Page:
P/N 04 – Andrew Schenker – Slant Magazine – (His review just talk about script and director’s work. He didn’t like at all the movie! Because of that, he don’t talk about the performances! So… I’ll put this review as “not given”.)

P 05 – Anthony Breznican – USA Today (TOP CRITIC) – “Kristen Stewart’s shocking depiction of a self-destructive 16-year-old stripper/prostitute in Welcome to the Rileys is bound to scandalize. Those who prefer her only as Twilight’s lovestruck Bella may be shocked, while others who know her more nuanced work in films such as Adventureland will see a fearless new side of the actress confirmed. . . . Stewart deserves credit for taking the risk of playing this part. It’s a shockingly sexual performance…For an actress like Stewart, it would be easy to play it safe. Knock out a romantic comedy or a Nicholas Sparks weepie while the vampire cash keeps rolling in from Twilight sequels. Instead, Stewart is challenging herself, and moviegoers, too.”

P 06 – Ashley Ratcliff – Movie Media Magazine – “Stewart gives a remarkable performance in this drastic departure from her “Twilight” series role, while Gandolfini and Leo bring depth to their characters.”

N 07 – Avi Offer – NYC Movie Guru – “but, unfortunately, Kristen Stewart could use some acting lessons because she’s unable to convincingly and organically tackle a wide range of emotions as Mallory transforms innately.”

P 08 – Bags Hooper – Character Approved Blog – “Stewart is best known for her role as Bella Swan in the Twilight franchise. While this series is wildly popular, it doesn’t really showcase the range Stewart has an an actor. Her role as a runaway in Welcome to the Rileys tests her prowess, and it’s an overwhelming success. As Mallory, she expresses the pain and anguish of living a harsh life, while also giving voice to an orphan that subconsciously and desperately wants a family.” “Stewart and Gandolfini are Character Approved for their on-camera chemistry. This is easily the most powerful role Stewart has played on film and we’re looking out for more from this talented actor.”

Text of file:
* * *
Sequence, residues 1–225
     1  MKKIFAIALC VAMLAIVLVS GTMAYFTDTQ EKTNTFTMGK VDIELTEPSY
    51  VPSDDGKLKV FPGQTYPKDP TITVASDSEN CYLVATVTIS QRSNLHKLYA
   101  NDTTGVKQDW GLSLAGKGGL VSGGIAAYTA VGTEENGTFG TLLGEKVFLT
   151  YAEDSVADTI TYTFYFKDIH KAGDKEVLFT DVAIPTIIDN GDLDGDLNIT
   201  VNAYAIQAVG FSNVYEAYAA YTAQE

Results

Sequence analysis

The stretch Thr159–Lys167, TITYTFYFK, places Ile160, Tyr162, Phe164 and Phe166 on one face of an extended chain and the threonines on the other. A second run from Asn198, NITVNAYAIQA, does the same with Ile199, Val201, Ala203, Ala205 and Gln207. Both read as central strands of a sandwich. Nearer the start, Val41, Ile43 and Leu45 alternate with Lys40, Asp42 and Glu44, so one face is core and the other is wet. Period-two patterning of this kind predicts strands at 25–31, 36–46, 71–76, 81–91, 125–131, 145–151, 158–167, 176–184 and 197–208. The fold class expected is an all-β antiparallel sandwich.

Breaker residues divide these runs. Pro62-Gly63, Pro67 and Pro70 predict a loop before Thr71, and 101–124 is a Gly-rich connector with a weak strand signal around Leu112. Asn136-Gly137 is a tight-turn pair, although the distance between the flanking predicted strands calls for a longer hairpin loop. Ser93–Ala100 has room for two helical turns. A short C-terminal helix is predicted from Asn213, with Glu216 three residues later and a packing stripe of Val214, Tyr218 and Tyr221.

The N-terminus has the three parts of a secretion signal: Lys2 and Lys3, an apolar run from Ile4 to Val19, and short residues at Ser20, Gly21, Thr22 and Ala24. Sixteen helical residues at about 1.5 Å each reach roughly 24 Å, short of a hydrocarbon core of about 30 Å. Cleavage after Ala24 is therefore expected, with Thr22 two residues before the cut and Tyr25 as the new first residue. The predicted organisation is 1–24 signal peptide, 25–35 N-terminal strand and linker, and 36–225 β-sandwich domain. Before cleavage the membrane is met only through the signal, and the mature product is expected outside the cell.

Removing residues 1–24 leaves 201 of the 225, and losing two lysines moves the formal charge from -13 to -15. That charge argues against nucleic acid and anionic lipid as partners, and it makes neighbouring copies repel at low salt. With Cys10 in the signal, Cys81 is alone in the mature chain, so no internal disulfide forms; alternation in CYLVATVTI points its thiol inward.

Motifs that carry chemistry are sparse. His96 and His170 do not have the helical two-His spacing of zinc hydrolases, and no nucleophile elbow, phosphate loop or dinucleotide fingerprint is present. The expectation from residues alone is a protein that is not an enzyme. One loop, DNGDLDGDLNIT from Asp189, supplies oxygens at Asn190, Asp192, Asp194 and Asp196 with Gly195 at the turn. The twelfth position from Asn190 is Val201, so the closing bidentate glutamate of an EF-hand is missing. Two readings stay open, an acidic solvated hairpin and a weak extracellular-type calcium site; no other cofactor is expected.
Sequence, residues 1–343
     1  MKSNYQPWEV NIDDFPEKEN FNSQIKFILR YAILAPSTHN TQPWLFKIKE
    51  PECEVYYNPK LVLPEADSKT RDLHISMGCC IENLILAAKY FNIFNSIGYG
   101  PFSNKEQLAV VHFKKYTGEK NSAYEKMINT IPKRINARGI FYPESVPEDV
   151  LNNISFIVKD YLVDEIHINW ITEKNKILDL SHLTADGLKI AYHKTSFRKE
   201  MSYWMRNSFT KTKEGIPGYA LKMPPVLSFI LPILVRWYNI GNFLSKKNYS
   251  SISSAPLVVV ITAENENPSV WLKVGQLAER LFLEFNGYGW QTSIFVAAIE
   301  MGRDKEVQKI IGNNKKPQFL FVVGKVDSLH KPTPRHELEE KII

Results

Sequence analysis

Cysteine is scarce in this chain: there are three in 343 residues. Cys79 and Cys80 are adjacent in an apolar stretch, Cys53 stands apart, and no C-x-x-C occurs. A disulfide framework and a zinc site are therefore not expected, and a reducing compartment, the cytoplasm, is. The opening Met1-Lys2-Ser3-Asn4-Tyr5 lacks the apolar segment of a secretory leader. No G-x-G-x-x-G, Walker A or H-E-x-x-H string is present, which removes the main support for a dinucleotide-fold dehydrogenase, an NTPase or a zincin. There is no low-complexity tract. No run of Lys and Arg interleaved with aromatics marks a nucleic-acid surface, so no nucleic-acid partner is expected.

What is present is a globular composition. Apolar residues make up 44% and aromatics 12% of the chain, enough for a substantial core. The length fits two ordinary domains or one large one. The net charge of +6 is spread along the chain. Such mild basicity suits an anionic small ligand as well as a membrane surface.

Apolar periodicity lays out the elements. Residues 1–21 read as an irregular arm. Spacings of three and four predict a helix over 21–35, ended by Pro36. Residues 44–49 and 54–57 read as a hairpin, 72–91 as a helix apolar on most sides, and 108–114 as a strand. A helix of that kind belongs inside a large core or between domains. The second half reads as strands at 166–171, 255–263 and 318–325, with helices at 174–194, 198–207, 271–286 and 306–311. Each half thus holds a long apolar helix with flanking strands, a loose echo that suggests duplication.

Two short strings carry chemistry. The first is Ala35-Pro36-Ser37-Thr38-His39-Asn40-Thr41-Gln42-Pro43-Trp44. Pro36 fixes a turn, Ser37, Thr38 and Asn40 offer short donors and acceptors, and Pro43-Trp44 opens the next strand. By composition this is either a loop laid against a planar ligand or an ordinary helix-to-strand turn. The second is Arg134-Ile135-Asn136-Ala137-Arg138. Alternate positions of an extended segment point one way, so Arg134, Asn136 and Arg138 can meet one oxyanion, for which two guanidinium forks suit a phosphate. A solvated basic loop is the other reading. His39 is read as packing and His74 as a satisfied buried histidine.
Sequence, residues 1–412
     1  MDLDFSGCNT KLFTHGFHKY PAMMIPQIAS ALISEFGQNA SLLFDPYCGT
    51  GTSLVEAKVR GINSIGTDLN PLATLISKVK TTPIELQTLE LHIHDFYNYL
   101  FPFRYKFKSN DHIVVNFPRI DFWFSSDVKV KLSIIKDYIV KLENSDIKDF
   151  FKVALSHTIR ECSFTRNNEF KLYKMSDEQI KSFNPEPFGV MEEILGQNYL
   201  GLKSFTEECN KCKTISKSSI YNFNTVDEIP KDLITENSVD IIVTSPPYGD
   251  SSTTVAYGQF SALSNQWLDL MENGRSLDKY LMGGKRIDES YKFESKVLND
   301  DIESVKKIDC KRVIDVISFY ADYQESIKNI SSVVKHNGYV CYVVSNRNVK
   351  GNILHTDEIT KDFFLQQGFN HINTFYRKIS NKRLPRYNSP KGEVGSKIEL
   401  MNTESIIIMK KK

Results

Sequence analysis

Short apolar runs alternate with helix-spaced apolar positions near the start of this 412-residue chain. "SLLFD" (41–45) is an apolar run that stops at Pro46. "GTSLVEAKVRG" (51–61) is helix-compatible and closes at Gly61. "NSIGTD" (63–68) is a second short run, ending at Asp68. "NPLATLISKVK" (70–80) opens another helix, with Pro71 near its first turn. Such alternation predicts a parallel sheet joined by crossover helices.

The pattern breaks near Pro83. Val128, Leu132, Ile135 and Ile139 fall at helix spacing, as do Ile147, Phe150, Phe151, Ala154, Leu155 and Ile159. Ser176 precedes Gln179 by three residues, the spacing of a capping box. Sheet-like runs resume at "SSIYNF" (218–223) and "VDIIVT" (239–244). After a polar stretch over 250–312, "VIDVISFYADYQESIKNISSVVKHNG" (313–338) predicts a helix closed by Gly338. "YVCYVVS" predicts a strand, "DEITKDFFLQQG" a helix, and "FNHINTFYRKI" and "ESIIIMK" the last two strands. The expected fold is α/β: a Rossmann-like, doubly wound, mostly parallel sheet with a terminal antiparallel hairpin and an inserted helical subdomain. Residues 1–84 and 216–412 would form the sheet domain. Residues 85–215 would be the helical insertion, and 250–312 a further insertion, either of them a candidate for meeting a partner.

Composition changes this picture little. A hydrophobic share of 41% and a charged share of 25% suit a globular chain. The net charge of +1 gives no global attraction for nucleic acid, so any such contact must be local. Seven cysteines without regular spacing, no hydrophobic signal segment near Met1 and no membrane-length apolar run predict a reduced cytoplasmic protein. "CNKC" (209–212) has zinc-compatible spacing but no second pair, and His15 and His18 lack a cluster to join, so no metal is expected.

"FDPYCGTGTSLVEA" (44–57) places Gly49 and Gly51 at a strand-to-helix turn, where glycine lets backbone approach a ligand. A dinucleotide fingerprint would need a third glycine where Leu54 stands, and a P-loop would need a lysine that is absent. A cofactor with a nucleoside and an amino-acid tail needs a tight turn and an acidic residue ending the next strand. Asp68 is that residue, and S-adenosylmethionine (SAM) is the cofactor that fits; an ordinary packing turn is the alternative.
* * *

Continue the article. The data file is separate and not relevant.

P 09 – Ben Kendrick – Screen Rant – “‘Welcome to the Rileys’ is a competent indie drama that offers great performances…” “Surprisingly, Leo’s scenes with Stewart are especially intriguing.” “Any moviegoers who were expecting Twilight starlet Kristen Stewart to drag the entire project down with pouty melodrama, will only be half-right. There is plenty of hair flipping and lip biting, but the anxious and awkward character fits within Stewart’s repertoire – as well as the movie at hand. Sure, at times, Stewart seems over-eager, as if she knows that roles like Mallory are key to being taken seriously as an actress in her post-Twilight career. In general, she succeeds in holding the film together, though it’s hard to consider it a breakout role for her…”

P/N 10 – Beth McCabe – BigPictureBigSound.Com – “It’s Ms. Stewart that seems a little out of place, and probabaly out of her depth, with her seasoned costars. Her stacatto delivery is abrupt at times, and not always suited to the dialog, though she does bring an awkward vulnerability to her role that seems to (mostly) fit.”

P 11 – Betsy Sharkey – Los Angeles Times (TOP CRITIC) – “Stewart, who was cast in the film before the “Twilight” tsunami hit, continues to gravitate to characters that the world has roughed up, with Mallory a few shades darker than the actress’ well-crafted young Joan Jett in “The Runaways” earlier this year. She just gets better at bringing a naked vulnerability to her performances. Here it’s like watching a slide show of anger, pain, innocence, outrage and mischief play across her face.”

P 12 – Bill Goodykoontz – Arizona Republic (TOP CRITIC) – “Too often we’re taken out of the story and wind up watching the actors, not relating to them. Luckily for Scott, they’re so good that it makes Welcome to the Rileys a more-satisfying film than it probably should be.”